From the forum: Four years of fighting with a duvet
One of our forum users has given us permission to share four years of his posts. In each post, he shares his success (or not!) of his most recent attempts to change his duvet.
Well, as Christmas is fast approaching, I have rooted around under the bed for my Christmas duvet.
When I came out of hospital I bought a new bed with an easy lift function where duvet covers and sheets etc., are stored underneath. As my fellow survivors know, there is no such thing as easy lift, but I manage. One day, I may well fall under the easy lift section and the top will descend and I will remain there till Spring.
It took a bit longer to do today, as the duvet cover had buttons and my wonky hand finds buttoning things difficult, but not impossible. Lots of patience, no swearing and the job got done.
I wish you all a Happy Christmas with your loved ones!
I am nearly four years post stroke and still recovering. When the stroke hit, I had to be hoisted in and out of bed. I learnt to walk again and tie my shoelaces. Then it became a question of willpower and hard work and that still applies. My mantra is exercise, exercise and more exercise plus learning to laugh at yourself. As fears diminish, the focus falls on mobility and task achievement. I walk with a stick, better some days than others and cook and bake pretty well. I can even change a bed and duvet cover.
Some tasks are accompanied by much swearing. Unfortunately inanimate objects have no hearing and it isn't their fault you drop them or they fly out of your hand, especially the weak one.
I wish you both more progress from now on. I have just managed Christmas in Scotland. I still get fatigue every day but, hey, I am still above ground and living to fight another day. Happy New Year to you both.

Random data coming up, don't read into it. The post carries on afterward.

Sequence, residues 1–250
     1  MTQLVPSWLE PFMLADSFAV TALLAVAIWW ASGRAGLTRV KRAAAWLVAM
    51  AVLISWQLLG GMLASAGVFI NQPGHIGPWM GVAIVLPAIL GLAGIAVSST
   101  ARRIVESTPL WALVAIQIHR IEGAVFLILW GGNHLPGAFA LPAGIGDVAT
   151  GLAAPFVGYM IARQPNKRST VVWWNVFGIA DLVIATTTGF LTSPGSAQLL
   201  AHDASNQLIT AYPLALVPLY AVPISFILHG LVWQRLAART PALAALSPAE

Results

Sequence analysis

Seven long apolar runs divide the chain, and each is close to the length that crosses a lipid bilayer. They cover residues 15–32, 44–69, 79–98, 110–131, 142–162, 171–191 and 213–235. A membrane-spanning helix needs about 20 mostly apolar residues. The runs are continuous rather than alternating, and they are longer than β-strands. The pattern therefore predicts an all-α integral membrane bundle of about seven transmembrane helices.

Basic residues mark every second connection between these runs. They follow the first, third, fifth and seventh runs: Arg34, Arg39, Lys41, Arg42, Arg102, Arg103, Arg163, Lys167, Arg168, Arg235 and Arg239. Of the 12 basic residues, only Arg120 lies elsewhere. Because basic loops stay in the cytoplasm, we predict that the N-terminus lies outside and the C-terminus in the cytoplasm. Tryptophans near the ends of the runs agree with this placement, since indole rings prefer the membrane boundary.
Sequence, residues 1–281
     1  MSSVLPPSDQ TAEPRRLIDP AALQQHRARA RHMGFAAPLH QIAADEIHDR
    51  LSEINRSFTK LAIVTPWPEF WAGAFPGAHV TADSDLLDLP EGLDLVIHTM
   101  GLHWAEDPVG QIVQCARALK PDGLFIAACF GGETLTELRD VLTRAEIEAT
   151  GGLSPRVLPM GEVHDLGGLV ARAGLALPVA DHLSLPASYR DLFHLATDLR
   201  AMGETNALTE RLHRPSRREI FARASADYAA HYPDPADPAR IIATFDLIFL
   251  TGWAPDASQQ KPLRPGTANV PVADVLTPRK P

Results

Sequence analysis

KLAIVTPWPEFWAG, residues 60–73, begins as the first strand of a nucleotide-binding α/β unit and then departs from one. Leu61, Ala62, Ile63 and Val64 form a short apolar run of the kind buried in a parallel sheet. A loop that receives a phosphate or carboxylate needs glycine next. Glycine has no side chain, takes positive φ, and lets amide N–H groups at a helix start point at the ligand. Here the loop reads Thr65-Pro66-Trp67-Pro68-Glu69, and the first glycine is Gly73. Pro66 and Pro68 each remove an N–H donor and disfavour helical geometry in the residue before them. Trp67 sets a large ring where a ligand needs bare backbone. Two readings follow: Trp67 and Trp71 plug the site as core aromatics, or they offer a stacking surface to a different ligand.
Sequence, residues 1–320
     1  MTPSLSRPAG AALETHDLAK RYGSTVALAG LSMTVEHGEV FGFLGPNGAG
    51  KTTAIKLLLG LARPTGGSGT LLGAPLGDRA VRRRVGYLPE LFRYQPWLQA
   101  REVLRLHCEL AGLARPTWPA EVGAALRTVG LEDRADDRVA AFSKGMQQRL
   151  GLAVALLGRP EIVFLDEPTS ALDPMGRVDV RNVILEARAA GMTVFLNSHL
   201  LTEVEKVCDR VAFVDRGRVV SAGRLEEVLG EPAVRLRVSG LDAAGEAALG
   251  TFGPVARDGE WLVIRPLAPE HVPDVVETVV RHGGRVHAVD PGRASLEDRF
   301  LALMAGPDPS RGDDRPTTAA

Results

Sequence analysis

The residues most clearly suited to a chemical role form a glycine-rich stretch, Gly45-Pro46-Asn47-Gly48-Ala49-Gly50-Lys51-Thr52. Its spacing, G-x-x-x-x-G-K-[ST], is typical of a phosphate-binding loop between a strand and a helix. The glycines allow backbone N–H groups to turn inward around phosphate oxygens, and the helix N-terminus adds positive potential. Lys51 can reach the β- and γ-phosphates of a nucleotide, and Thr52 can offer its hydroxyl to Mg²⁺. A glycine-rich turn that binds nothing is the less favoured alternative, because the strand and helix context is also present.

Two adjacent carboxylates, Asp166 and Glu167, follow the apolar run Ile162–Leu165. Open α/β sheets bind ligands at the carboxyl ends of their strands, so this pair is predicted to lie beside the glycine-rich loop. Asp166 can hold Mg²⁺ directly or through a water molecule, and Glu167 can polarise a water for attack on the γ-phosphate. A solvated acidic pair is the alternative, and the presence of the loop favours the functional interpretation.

Having a stroke is a bit like having to house share with someone you don't like but have to live with. Your housemate is tolerable to a degree but can be very annoying at times. Let me give you my favourite example.
Today we changed the bed. I plan for this but strokey housemate is always a very reluctant participant. For example, I start putting the duvet in its cover but half way through I discover 'strokey' has got the ends mixed up. Once upon a time this made me swear out loud, but now I sit and rest and remind strokey where the top and bottom are. Then, when I flick the mattress over the bed, strokey doesn't make much of an effort. This means several throws before the bed looks half done. Even when it comes to putting the poppers together, I do the coordinating and press the fastenings together, whilst strokey can just about hold the fabric in place.
I would like to evict strokey, but I doubt this will happen. Anyway, strokey is not too bad at cooking and can just about hoover and clean the toilets. PS We made the bed in the end.
As my friends on here know, changing a duvet tests me most as a survivor. This is because my weak arm and hand cannot flick things properly, cannot stuff a duvet into its cover properly and, generally speaking, is not up to the task. I change the duvet, however, because it challenges my tenacity, willpower and patience. As you all know, this feat is achieved with a great degree of swearing and several rests between each stage of the task.